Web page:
Stacey Abrams, 1973

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Woman Category: Activism & Feminism and Politics & LeadersWoman Tags: African-American Women, Atlanta Women, Author, Lawyer, and Nobel Prize

  • HerStory

    A Politician, lawyer, voting rights activist, and bestselling author. The first African-American woman to be a major party’s nominee for governor, the first African-American to lead in the House of Representatives of Georgia, and the first African-American woman and first Georgian to deliver a Response to the State of the Union.

    Stacey Abrams was born in Madison, Wisconsin, and grew up in Gulfport, Mississippi, and then Atlanta, Georgia. Growing up, her parents had struggled to stay above the poverty line, and more than once there could not pay the water and electricity bills. After graduating high school valedictorian, she studied interdisciplinary studies at Spelman College, earning her Bachelor of Arts with magna cum laude. During that time, she worked in the youth services department in Atlanta’s mayor’s office and later interned at the US Environmental Protection Agency. She continued her education at the University of Texas at Austin’s LBJ School of Public Affairs, earning a Master of Public Affairs degree, followed by a Juris Doctor degree from Yale Law School.
     
    At the age of 26, Abrams worked as a tax attorney at a law firm in Atlanta, and at 29, she was appointed a deputy city attorney for the City of Atlanta. In 2006, the 33 years old Abrams won the election as the 89th district representative at the Georgia House of Representatives. In her 11 years in office, she served on various committees, including Ethics, Appropriations, Ways & Means, and Judiciary Non-Civil. She promoted pro-choice and gun control policies and opposed strict voter ID laws.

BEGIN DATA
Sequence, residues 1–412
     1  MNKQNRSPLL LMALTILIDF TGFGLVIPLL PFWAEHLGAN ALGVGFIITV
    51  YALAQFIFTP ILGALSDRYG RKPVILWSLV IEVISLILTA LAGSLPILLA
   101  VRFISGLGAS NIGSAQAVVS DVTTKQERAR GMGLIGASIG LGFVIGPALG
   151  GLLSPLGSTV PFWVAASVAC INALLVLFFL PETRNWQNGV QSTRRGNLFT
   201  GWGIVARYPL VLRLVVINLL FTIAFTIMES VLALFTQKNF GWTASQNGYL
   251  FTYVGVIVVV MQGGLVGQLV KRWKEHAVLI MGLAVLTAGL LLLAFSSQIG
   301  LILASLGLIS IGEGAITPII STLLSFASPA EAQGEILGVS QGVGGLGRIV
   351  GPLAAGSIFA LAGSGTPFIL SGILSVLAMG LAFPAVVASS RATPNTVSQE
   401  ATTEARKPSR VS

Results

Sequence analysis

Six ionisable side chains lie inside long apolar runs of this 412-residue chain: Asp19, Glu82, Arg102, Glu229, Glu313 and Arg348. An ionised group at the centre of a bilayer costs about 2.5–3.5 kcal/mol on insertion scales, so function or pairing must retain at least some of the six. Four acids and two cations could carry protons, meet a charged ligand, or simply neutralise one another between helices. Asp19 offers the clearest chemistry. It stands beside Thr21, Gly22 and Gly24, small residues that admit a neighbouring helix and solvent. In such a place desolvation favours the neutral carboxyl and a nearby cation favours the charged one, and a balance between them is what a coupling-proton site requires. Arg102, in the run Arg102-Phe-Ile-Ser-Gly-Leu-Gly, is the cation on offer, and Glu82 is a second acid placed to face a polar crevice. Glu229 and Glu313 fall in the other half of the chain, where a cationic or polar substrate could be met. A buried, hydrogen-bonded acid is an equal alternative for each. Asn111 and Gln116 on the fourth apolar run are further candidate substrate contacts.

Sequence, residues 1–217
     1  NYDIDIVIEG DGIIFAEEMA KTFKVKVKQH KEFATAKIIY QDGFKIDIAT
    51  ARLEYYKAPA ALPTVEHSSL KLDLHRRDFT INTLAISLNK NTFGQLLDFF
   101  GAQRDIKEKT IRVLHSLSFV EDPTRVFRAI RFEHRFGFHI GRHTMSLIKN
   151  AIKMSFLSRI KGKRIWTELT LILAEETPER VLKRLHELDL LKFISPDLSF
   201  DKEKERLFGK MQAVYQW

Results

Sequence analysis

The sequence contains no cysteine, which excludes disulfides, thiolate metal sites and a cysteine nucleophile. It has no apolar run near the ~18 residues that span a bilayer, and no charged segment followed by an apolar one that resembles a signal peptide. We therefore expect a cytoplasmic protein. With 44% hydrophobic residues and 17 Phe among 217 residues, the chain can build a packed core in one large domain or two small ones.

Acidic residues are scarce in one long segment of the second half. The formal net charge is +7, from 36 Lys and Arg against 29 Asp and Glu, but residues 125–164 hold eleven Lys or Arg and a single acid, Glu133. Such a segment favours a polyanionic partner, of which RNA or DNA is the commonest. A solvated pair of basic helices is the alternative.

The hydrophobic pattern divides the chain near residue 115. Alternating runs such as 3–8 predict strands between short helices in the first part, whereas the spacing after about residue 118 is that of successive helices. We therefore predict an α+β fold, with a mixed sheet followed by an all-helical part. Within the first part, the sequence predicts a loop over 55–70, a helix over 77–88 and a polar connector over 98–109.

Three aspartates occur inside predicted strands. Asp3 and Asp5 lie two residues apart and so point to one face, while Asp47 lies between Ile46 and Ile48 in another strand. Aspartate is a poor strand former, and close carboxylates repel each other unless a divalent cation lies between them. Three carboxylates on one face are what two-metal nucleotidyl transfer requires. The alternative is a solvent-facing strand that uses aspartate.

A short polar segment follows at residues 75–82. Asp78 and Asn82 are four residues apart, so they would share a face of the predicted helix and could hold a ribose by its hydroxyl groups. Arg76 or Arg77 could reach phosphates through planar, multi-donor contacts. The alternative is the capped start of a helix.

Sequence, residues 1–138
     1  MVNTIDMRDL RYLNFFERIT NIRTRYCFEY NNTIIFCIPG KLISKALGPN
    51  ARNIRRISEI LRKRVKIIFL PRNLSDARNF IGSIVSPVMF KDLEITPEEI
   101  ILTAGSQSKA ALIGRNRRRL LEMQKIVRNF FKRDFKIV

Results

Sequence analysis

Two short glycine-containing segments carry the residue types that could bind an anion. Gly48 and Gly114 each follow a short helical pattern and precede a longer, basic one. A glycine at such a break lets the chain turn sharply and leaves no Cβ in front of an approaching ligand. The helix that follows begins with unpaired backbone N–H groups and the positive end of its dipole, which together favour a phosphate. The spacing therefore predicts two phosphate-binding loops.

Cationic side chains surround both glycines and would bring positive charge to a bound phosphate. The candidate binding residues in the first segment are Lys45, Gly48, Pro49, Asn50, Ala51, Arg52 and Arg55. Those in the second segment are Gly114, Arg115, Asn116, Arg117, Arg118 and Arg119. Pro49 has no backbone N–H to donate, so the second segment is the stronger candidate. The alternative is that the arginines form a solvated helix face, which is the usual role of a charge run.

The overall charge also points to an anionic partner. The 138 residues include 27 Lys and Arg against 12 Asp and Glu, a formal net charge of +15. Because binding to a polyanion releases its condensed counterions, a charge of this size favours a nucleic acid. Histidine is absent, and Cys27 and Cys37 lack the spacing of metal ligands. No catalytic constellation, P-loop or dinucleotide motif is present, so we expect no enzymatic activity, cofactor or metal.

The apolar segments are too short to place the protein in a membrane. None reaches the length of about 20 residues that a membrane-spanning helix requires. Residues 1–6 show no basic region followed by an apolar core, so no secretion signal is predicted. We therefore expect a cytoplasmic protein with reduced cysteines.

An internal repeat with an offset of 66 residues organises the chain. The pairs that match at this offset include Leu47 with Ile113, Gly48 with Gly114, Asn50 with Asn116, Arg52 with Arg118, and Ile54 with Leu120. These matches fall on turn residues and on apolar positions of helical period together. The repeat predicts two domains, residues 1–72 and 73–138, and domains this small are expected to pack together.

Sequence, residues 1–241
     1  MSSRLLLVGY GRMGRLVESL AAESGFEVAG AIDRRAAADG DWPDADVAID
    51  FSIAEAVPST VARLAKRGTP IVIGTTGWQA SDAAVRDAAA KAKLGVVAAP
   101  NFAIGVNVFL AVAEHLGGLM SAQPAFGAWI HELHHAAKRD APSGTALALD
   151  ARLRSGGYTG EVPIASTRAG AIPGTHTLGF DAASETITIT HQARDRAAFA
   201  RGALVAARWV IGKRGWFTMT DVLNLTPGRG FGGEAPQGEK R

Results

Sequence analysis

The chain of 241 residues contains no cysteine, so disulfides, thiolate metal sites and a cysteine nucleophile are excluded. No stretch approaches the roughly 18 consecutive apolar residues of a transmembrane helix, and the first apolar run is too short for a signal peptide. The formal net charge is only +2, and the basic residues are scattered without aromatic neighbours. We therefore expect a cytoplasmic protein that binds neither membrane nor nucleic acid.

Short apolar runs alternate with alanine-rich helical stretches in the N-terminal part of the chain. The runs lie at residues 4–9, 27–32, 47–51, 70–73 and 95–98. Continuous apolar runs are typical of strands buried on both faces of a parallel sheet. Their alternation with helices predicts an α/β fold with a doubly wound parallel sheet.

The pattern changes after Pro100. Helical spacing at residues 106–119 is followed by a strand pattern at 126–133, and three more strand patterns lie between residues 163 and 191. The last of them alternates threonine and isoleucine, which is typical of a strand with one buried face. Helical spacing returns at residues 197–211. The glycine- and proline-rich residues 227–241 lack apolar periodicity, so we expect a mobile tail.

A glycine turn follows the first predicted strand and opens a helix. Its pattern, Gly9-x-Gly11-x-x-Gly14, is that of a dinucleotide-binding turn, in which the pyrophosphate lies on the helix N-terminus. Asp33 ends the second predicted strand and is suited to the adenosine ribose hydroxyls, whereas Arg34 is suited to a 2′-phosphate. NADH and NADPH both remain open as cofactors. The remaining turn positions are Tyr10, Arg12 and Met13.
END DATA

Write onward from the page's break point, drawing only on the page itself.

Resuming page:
In 2010, she was elected as the House minority leader, becoming the first woman to lead a major party in the Georgia General Assembly and the first African-American to lead the Georgia House of Representatives. In this role, Abrams co-administrated the bipartisan transportation bill to save the HOPE scholarship program, stopping the largest tax increase in the state’s history. She also co-wrote a criminal-justice reform to reduce prison costs without increasing crime. During that time, she co-founded the financial services firm NOW Corp and Nourish, Inc – a beverage company.